Skoltech is an international graduate research-focused university that was founded by the group of world-renowned scientists in 2011. Skoltech's curriculum focuses on technology and innovation, offering Master's programs in 11 technological disciplines. Students receive rigorous theoretical and practical training, design their own research projects, participate in internships and gain entrepreneurial skills in English. The faculty is comprised of current researchers with international accreditation and achievements.

Sirius Hosts a Russian-Indian Project School


The first international project school, “Big Challenges of Sustainable Development”, has just ended at the Sirius Educational Center. 25 Indian and 25 Russian schoolchildren worked in project teams to explore five areas: Earth remote sensing, biology (genetics), materials science, IT, and robotics. Each team worked on a project aligned with the sustainable development strategy set forth in the UN Declaration.


Cooperation in gifted education between Russia and India was initiated by a meeting between Russian President Vladimir Putin and Indian Prime Minister Narendra Modi at Sirius in May 2018. Modi invited Russian students for an internship in India, where Sirius signed a cooperation agreement with the Indian governmental organization, Atal Innovation Mission (AIM), which, like Sirius, supports talented youth.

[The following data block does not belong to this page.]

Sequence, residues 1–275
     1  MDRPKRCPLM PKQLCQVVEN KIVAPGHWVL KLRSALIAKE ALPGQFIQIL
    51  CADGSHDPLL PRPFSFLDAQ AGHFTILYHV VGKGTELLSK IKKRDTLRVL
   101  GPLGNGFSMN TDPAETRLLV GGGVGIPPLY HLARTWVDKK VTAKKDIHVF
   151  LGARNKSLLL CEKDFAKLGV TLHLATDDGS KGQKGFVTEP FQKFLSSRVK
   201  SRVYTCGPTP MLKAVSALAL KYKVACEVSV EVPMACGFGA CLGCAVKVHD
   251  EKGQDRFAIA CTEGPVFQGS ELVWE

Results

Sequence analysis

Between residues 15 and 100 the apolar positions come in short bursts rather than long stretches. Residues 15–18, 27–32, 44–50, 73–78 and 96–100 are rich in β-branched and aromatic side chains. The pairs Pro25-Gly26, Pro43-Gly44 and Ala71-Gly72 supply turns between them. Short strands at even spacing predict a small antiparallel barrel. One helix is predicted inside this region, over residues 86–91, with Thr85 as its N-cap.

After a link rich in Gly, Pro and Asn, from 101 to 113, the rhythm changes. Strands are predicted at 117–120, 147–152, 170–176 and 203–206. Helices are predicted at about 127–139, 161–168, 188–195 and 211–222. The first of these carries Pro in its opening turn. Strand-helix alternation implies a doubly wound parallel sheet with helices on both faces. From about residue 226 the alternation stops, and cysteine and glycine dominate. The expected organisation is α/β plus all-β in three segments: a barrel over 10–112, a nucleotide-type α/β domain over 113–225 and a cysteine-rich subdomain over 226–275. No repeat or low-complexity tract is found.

Guided by experts and mentors, the participants had to come up with a sustainable development project within a challenging 6-day timeframe. The students presented their teamwork at the project defense and during President Putin’s visit to Sirius.


Skoltech Space Center (SSC) project: Earth Remote Sensing.

Project guidance and support provided by: Skoltech Space Center, Lorett, Transparent World and Roslesozashchita.

Forest conservation is a hot-button issue for both Russia and India, where fires destroy about 13 hectares of forests annually. The students and their mentors used the images received from the Russian Aist-2D satellite using the SCANEX antenna deployed at the Sirius Science and Art Park’s Geoatelier Lab within the Planet Watch project to see whether satellite imagery can help deal with the problem.


The project team split into two groups, one of which studied an area in Bandipur (India) hit by a major forest fire in February 2019. Using a set of images taken before, during and after the fire, the students identified the fire source and spread pattern, confirming the official fire cause communicated to the media. The imagery helped not only assess the damage caused by the fire but also build a web map that can be instrumental in forest restoration.

The other group used the images to identify felled areas in the Irkutsk region that appeared over the last 4 years and added their results to the map used by the forestries for operational forest monitoring purposes.


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